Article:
11th April 2017 Delhi, India
Exploring opportunities in marine science and technology
The Indian Ocean region is abundant with resources, particularly in the sectors of fisheries, aquaculture, ocean energy, sea-bed mining and minerals. Oceans have immense potential that needs to be harnessed in a balanced manner, where its preservation and health are given their due importance.
The UK has world-leading strengths in marine technologies (robotics and autonomous systems, sensors, data analytics). This creates an opportunity for UK and India to explore working together and implementing new international policy initiatives that require ocean measurements, impact of climate change on oceans and its resources including marine health.
With this strong background, both the country’s science ministers at the bilateral Science and Innovation Council (SIC) meeting agreed to explore collaborative opportunities in oceans as a broader theme in 2016-17.
As part of the commitment made at SIC, an outward mission was organised by Science and Innovation Network (SIN) India in February 2017 and led by National Oceanography Centre. The outcomes of the mission were:
- in-depth analysis of marine science and technological landscape in India
- 10 areas of potential collaborations
- facilitating new and strengthening existing informal linkages between Indian and the UK marine science and technology researchers.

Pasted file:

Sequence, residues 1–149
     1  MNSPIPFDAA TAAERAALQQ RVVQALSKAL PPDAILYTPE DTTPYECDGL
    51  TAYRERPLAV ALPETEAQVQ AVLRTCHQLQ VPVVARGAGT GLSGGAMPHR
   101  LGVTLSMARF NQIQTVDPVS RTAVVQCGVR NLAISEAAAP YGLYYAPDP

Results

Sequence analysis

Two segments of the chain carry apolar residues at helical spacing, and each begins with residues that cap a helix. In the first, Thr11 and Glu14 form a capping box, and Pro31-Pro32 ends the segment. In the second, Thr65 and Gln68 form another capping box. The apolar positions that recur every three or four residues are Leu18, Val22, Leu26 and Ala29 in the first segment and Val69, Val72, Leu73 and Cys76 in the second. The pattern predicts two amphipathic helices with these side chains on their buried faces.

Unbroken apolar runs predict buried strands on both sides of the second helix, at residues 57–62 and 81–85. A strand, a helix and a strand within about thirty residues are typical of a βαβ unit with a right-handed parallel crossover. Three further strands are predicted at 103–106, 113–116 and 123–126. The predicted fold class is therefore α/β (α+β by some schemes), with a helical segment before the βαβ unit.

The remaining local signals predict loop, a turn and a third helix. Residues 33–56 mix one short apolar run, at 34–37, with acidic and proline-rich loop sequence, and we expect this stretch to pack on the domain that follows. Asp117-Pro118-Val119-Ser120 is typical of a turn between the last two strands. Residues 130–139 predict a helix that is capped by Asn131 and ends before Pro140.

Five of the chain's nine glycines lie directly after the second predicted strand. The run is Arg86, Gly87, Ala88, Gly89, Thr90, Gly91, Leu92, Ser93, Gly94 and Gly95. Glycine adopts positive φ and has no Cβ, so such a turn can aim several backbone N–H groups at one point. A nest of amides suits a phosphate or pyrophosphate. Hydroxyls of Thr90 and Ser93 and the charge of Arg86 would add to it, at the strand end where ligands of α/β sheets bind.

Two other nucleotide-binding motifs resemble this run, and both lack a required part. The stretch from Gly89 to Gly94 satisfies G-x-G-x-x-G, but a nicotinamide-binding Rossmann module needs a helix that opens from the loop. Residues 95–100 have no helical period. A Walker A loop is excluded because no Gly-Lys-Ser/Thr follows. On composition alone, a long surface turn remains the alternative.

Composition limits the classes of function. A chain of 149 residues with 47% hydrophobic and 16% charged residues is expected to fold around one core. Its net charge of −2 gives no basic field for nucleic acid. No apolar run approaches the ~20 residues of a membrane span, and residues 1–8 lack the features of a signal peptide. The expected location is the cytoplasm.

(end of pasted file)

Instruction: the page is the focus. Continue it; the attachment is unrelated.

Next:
The 4 days, 4 cities visit itinerary included various interactions with:
- Ministry of Earth Sciences and India Meteorological Department in Delhi
- National Institute of Oceanography and National Centre for Antarctic and Ocean Research in Goa,
- National Institute of Ocean Technology in Chennai
- Indian National Centre For Ocean Information Services in Hyderabad.
Mission from UK comprised of:
- Professor Kevin James Horsburgh, Head of Liverpool Institute for Sustainable Coasts and Oceans, National Oceanography Centre
- Dr Mark James, Operations Director, Marine Alliance for Science and Technology for Scotland
- Professor Stephen de Mora, Chief Executive, Plymouth Marine Laboratory/PML Applications Ltd
- Dr Peter Edward Robins, Research Fellow, Centre for Applied Marine Sciences, Bangor University
- Dr James Asa Strong, Senior Benthic Ecologist and Seabed Surveyor, University of Hull.
Both the Indian and UK experts had detailed discussions based on UK and India’s opportunities and challenges and 10 areas of potential collaboration have been identified to provide a steer:
- Hydrodynamic modelling
- Ecosystem modelling
- Habitat mapping
- Ocean Acidification
- Coastal monitoring
- Climate change impact
- Marine renewable energy
- Cyber-physical system
The UK and India both see the Oceans as holding strong potential for future growth and international co-operation (G20). Both have strong infrastructure to pursue this growth. This is an opportunity to facilitate alignment, opening up greater opportunities for collaboration and potentially new markets for innovation in this area.
The Newton Bhabha Fund will examine the possibility of supporting new collaborations in this field in coming years and will continue to generate links between the UK and Indian science communities following this visit.